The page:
A Summer of Play, Part One

This week on the podcast, as we continue to welcome summer with open arms, Dan Allender and Becky Allender dive into a series all about the nature of play—what it is, why it matters, and how we go about pursuing it in a world that so often refuses to take it seriously. Dan says it’s not a coincidence that this series on play follow a series on rest, because the two are so intimately connected.

Dan: “Rest and play are simply the other side of the same coin. If you know what it is to rest, it really activates this process of engaging in play. […] And God has created within the very nature of the universe itself this reality of play.”

Becky shares how raising children, along with her work as a teacher, helped her learn that play is innate to each of us and a crucial part of our growth. Dan, on the other hand, has often found it easier to be drawn into work, with play as a bonus activity that might happen if you get everything else done—a posture that many of you will likely find familiar.

Dan: “We learn to engage the larger world by the particularity of the play that we’re in the middle of.”

Play is not an option if one wants to grow socially, psychologically, spiritually.

Because it is such a core part of how we are created, some part of us knows innately what play is and how to cultivate it—think of the instinctual sense of freedom embodied by schoolchildren on the brink of summer. But because play has become a foreign language for many of us, it’s helpful to identify a few categories that are part of the nature of play, including competition (which might involve risk, danger, or potential loss), exploration (which evokes curiosity, imagination, and creativity), and restoration (play that fosters rest and ease).

Dan: “We need to be called forth out of what our body and our very being often wants—which is safety. We need danger. We’re called into a world that is dangerous, and we’ve got to practice—and play becomes a form of practice in the engagement of danger.”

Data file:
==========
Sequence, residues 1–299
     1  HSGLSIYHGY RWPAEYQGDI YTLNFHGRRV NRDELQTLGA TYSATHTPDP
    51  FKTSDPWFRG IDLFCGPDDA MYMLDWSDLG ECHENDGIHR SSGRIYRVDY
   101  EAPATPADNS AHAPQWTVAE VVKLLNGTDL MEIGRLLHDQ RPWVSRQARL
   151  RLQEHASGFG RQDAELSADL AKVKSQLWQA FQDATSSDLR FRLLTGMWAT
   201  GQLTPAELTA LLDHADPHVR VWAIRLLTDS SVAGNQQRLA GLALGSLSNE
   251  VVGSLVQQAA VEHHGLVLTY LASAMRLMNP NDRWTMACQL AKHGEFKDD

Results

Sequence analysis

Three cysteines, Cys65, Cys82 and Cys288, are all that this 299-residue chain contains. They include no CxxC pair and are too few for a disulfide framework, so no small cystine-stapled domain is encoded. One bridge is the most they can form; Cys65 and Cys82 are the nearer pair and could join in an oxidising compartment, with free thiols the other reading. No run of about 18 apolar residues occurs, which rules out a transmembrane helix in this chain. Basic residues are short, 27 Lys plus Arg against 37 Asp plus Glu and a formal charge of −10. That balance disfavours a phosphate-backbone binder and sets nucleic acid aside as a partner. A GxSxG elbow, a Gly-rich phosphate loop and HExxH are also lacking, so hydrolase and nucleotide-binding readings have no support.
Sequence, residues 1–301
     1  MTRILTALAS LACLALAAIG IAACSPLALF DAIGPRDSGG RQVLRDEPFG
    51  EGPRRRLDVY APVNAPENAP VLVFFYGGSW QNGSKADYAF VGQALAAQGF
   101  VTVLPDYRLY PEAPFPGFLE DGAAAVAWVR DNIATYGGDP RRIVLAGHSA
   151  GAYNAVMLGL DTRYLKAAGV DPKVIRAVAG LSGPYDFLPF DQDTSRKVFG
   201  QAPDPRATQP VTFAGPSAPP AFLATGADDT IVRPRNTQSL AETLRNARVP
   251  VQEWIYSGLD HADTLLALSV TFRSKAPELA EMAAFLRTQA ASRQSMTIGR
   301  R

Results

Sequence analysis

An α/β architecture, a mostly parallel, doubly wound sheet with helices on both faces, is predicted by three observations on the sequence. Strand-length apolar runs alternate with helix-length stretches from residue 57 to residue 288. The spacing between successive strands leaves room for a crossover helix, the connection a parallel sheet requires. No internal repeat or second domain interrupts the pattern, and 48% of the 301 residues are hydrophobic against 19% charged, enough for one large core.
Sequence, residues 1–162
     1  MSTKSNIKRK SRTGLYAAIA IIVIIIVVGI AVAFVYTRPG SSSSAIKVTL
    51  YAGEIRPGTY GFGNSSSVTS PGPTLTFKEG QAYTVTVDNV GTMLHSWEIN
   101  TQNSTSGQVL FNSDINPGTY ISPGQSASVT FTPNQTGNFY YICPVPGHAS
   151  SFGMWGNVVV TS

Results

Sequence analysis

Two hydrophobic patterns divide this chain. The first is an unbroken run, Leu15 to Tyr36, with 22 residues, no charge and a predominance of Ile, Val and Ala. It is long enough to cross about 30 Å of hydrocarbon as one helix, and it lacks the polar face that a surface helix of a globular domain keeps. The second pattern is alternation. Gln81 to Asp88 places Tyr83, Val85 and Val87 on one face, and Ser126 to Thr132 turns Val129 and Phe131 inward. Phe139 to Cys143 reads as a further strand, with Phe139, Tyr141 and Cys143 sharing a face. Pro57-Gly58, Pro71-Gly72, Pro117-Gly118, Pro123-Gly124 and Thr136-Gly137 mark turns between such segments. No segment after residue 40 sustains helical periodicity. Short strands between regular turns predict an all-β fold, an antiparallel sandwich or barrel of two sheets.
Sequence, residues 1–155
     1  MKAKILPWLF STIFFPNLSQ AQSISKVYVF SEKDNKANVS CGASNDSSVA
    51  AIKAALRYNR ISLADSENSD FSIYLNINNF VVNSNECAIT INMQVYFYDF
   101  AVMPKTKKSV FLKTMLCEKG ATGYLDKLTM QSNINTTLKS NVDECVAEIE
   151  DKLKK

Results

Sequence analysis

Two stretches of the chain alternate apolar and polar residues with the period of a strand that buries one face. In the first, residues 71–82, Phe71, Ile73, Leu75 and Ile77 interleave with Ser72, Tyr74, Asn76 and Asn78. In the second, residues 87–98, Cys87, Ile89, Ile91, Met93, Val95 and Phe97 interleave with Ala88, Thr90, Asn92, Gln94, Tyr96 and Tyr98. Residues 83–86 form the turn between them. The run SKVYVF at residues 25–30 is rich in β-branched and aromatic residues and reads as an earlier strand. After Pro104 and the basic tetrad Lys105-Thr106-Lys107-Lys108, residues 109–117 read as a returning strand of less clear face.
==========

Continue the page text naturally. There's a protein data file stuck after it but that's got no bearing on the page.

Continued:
In each of these categories, there is also a deep hope for a kind of transcendence in play: the idea that nothing else matters outside of this moment, that pending tasks and unread emails and tense meetings—these stresses and concerns are quieted in favor of the deeper life play invites us into.

Dan: “When you’re in the middle of significant play, you’re not thinking about the past, you’re not troubled or worried about the future, you have a kind of consummation in the present. In that sense, it’s dangerous, it’s the unknown, it requires strategy, imagination, risk, but it also opens the door to a kind of letting go of almost everything else to be focused and engaged in the present.”

With trademark vulnerability, Becky and Dan reflect on some of the practices they have cultivated over the years, as well as the ways in which they recognize they are just beginning to learn how to play. And it is a learning process indeed, because there are all sorts of obstacles and pressures that keep us from engaging deep, meaningful play. That’s what we’ll be wrestling with next week: the internal pressure, cultural messages, and other factors that all too often inhibit our ability to play. Our prayer for you—and all of us—is that the summer ahead will be full of profound, surprising experiences of play.